Jimmy Breck-McKye

A lazy programmer

Using jsPerf: A How-to Guide

If you’re interested in testing the performance of a particular piece of JavaScript, you might be interested in jsPerf.

jsPerf allows you to run and compare the speed of arbitrary snippets of JavaScript against a blob of HTML of your choice. This means you can test not just pure JavaScript, but DOM manipulation and jQuery calls too.

An example

For example, let’s say we we want to compare the following blocks of code:

Some code before refactoring:

Slow code
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var paragraphs = $('p');

for (var i = 0; i < paragraphs.length; i++) {
    if ($(paragraphs[i]).attr('class') == 'makeBlue') {
        $(paragraphs[i]).css({color : 'blue'});
    }
}

and…

Some code after refactoring:

Faster code
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var paragraphs = $('p');
var paragraphsNumber = paragraphs.length;

for (var i = 0; i < paragraphsNumber; i++) {
    var thisParagraph = paragraphs[i];
    if (thisParagraph.className == 'yes') {
        thisParagraph.style.color = 'red';
    }
}

The second snippet should be faster, because we cache the paragraph.length and node lookups, and use the native DOM interface for accessing style / class data. But how much faster? jsPerf can tell us.

Setting up a jsPerf test

The procedure is pretty simple:

  • You enter a name for your test
  • You add the HTML to test against, along with linking to whatever libraries you want to test. You can skip this if you’re testing ‘pure’ JavaScript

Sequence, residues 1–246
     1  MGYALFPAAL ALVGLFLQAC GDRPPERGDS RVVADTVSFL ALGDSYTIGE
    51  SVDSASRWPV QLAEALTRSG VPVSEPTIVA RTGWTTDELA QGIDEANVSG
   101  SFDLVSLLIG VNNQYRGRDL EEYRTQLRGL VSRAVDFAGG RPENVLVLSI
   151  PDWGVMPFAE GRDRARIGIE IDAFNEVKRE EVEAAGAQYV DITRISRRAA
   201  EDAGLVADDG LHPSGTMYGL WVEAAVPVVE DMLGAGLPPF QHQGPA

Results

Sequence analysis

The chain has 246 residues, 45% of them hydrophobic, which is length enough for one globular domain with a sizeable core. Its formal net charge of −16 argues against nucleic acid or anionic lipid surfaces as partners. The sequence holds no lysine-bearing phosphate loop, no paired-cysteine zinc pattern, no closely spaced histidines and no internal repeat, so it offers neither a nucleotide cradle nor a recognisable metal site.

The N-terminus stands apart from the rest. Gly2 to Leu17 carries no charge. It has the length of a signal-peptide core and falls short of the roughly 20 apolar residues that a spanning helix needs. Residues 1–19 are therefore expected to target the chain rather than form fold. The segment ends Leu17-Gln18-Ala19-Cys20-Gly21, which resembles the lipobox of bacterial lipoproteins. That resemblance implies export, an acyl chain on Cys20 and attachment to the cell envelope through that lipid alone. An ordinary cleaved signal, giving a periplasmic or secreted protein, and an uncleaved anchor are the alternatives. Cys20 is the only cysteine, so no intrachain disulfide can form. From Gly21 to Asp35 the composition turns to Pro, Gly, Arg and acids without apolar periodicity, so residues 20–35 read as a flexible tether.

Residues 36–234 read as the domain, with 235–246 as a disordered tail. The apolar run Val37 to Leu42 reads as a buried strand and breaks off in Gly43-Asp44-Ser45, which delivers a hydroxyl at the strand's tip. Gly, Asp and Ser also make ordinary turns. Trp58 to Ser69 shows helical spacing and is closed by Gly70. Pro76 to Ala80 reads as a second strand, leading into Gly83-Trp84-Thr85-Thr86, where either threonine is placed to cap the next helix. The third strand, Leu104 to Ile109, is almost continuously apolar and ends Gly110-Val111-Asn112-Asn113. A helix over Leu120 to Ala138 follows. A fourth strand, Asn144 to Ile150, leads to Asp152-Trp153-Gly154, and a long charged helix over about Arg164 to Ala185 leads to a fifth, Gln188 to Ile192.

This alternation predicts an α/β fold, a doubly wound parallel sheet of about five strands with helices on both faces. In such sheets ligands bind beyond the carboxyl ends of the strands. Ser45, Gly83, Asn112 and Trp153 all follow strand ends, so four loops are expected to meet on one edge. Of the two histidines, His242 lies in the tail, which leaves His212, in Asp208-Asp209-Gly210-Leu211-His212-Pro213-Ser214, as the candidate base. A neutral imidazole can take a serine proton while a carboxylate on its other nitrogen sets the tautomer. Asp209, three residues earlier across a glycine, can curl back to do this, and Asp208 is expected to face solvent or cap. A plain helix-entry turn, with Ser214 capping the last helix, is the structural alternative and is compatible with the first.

• You can specify some setup / teardown JS for each test (the time to run this will be excluded from the recorded time for each test)
  • You add however many snippets you want to compare
  • You save the test (which gives you a shareable URL – this is important)

When you’re done, you can hit ‘run’, and the JavaScript is run in your browser.

Let’s see the results (http://jsperf.com/rm-demo):

Pretty dramatic. But what if I want to test in other browsers? I can revisit the page in another browser, run the test again, and – this is the best thing – compare results between browsers, which are saved every time. For example, let’s run this test again in IE7:

Much slower, but we can see the optimization isn’t browser specific. And we can see that with a browser as slow as IE7, this is probably an optimization worth using again in future.

Obviously, we shouldn’t be in the business of optimizing our code prematurely, but if you’re doing something performance critical (animation or manipulating a really large DOM), jsPerf can be a really handy tool for answering those tricky questions and giving you some hard numbers. Definitely worth a bookmark.

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